' ' Cinema Romantico: Trust the Man

Monday, August 21, 2006

Trust the Man

I'm sure most of America spent its weekend taking in the strange phenomenon of "Snakes on a Plane". Good for them. I'm not most of America. Therefore I spent my weekend taking in "Trust the Man". This is the new film from writer/director Bart Freundlich. Who? Good question and I have an even better answer. He was the auteur of "The Myth of Fingerprints" - an unquestioned masterpiece and one of my 5 all-time favorite films. His follow-up to that sublime cinematic wonder was "World Traveler", a big letdown for me aside from Billy Crudup's excellent lead performance (is there any other kind? And no, "Mission Impossible III" doesn't count). So I was beyond interested to see if Freundlich could put the sophmore jinx behind him and return to proper form.

Tragically, he does not. If anything, "Trust the Man" is a bigger letdown than "World Traveler". I was forcing myself to laugh at things that weren't funny just because I so desperately wanted them to be funny. Never a good sign. This is Freundlich's blatant attempt to be Woody Allen. It's set in New York and has many shots of the city. The characters talk - lots and lots of talk. They walk and talk, eat and talk, sit in apartments and talk. But whereas Freundlich's dialogue in "Myth of Fingerprints" was so brilliant, here it is the polar opposite.

Where has his gift for subtle writing gone? In his first movie the characters talked as real people do. There was so much subtext. But in "Trust the Man" everyone spells everything out and speak with a frankness that does not mirror reality in any way. That sort of dialogue can still be effective but you're walking a fine line. Allen can walk it (or could back in the '70's and '80's). Freundlich does not. At least not here.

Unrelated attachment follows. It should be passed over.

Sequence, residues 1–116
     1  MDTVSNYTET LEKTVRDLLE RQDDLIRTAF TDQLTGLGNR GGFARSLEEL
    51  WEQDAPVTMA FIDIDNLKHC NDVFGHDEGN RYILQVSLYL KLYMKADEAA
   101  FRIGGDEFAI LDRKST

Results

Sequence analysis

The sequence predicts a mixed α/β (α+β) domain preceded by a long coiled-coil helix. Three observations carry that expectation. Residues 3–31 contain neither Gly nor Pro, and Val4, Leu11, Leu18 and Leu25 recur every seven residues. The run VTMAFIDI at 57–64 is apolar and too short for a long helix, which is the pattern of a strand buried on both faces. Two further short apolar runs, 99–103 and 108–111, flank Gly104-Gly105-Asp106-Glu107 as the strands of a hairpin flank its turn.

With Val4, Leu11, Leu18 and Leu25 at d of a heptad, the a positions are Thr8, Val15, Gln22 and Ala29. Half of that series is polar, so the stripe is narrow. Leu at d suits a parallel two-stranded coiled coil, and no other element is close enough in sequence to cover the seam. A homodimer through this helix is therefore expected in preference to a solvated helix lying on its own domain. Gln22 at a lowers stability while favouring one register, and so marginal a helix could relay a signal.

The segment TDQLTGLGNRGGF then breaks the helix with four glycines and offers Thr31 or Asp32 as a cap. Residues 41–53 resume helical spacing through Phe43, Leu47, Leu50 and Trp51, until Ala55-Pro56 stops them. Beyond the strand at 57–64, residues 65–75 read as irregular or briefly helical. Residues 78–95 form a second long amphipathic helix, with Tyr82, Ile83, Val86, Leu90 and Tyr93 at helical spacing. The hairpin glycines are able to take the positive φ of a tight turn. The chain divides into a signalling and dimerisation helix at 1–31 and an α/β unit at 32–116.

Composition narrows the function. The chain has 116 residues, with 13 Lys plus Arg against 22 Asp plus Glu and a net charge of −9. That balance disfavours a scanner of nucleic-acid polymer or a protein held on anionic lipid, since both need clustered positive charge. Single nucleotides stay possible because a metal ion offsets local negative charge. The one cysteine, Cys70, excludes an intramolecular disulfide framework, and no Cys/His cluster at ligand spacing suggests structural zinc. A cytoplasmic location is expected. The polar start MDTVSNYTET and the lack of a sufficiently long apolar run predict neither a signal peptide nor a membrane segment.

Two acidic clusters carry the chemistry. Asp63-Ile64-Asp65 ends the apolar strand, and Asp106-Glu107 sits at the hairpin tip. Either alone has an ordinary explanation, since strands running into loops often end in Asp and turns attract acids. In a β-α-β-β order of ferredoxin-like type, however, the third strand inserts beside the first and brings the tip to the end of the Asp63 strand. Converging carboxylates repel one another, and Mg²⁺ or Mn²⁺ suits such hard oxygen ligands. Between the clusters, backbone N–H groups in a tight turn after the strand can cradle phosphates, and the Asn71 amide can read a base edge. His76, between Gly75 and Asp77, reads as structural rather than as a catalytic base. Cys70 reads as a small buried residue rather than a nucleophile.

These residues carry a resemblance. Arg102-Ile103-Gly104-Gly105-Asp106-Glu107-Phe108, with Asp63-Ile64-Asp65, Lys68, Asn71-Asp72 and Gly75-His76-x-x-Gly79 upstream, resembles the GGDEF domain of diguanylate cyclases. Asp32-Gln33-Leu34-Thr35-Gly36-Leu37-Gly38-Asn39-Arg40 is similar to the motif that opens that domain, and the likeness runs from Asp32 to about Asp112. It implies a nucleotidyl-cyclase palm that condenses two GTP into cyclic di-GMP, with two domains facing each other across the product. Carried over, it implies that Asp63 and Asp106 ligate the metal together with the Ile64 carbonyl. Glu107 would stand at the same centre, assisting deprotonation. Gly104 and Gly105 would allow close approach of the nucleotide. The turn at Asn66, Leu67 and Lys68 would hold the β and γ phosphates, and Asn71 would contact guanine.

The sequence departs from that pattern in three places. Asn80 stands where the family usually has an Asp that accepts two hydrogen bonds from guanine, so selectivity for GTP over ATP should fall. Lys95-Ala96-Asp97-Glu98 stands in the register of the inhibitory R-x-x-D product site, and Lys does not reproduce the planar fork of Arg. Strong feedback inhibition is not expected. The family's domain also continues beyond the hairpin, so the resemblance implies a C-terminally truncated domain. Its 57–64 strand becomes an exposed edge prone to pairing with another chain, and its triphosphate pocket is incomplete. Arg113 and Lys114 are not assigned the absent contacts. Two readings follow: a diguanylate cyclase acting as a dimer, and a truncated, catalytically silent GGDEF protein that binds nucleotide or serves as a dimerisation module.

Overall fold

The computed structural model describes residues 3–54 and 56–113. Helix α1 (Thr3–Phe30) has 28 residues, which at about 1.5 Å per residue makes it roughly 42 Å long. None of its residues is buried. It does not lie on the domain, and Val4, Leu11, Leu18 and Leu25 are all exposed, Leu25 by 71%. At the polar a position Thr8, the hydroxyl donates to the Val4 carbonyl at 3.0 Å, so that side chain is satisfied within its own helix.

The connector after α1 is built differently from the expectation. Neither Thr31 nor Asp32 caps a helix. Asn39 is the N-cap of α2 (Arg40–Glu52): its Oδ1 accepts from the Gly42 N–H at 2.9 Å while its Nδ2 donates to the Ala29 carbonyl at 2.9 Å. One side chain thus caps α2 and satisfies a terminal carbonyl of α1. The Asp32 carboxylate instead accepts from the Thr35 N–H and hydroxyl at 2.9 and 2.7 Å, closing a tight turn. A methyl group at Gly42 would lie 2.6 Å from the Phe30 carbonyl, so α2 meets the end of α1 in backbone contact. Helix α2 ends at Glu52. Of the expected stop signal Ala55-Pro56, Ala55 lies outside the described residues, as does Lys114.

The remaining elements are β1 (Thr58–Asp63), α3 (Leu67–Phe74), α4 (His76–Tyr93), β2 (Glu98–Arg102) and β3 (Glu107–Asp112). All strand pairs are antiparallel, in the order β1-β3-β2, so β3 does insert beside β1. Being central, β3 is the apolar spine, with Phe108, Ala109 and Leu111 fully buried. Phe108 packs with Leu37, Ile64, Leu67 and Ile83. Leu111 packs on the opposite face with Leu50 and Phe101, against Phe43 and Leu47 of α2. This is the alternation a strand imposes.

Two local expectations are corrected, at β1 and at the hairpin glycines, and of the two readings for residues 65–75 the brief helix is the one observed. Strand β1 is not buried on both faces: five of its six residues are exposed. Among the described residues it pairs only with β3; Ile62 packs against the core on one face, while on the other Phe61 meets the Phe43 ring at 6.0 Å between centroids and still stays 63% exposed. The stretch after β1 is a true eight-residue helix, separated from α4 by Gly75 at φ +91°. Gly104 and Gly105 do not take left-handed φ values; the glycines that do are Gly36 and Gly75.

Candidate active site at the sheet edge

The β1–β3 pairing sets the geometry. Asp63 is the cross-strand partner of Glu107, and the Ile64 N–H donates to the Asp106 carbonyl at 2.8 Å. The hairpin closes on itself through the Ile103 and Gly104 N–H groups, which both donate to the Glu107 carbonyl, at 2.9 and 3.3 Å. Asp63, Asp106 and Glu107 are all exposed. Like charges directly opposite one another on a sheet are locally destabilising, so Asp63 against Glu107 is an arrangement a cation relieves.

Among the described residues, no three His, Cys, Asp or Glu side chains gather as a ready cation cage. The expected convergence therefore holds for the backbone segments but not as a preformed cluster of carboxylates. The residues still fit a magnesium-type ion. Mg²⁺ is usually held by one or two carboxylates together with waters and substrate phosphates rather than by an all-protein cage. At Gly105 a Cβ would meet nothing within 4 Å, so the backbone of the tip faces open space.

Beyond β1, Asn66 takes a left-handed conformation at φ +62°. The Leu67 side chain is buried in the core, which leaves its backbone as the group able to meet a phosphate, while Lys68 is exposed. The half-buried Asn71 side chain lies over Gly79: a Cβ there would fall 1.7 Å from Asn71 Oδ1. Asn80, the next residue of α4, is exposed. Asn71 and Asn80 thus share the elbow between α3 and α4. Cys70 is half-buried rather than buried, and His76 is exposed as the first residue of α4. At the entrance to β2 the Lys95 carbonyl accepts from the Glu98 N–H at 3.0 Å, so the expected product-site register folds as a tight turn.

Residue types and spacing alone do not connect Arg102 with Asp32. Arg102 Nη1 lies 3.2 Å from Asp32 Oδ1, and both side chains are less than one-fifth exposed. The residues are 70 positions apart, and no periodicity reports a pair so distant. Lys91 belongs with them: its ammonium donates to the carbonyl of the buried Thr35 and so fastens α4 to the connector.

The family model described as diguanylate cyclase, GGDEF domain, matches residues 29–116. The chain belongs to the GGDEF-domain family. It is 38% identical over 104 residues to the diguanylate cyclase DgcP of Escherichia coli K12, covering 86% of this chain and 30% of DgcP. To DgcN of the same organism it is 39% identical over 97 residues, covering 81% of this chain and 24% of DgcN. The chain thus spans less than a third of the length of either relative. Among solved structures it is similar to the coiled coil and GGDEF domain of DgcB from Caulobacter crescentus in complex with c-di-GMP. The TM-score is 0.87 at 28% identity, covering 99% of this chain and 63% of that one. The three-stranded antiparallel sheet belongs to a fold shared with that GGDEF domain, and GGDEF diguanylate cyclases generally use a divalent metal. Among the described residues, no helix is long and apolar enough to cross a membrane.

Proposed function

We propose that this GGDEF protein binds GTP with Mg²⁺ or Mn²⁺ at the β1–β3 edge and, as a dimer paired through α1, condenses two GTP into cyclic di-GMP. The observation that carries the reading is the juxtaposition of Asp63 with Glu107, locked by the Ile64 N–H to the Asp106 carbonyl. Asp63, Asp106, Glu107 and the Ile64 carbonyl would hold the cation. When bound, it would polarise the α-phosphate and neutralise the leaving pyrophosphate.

He does not get much help from his cast, either (though to be fair they don't have much with which to work). David Duchonovoy is exactly the same as he is in every other movie. Maggie Gyllenhall is just okay. Even the usually fantastic Julianne Moore doesn't seem herself. Only the incomparable Billy Crudup brings his A game (which is so refreshing to see after the debacle of "Mission Impossible III"). As I've stated and reiterated, he gets no assistance from the words on the page so he uses facial expressions and reaction shots and physical acting to make the performance work. It's really quite amazing to see. It's kind of like watching a baseball player on a last place team who is still out there every game getting hits, diving for ground balls, and looking around at his teammates wondering why they can't keep up.

Billy Crudup is such an incredible actor that he can make retrieving "The Way We Were" from Tivo into a moving moment. He is such a marvelous actor that he can make delivering the climactic plea to the woman he loves in a crowded theater surrounded by strangers in tuxedos (really, could we get more ancient and cliched?) work somehow.

As great as he is, sadly, he can't save the film on all his own. Therefore, it cannot be recommended. If you want to see a movie like this, rent Woody Allen's "Manhattan". You will be much happier.

"The Myth of Fingerprints" will always hold a special place in my heart. Nothing can change that. But I can only find the strength to give Freundlich himself one more film. After that, I stop giving him the benefit of the doubt.

1 comment:

Anonymous said...

How can you not like this movie? I was brilliant.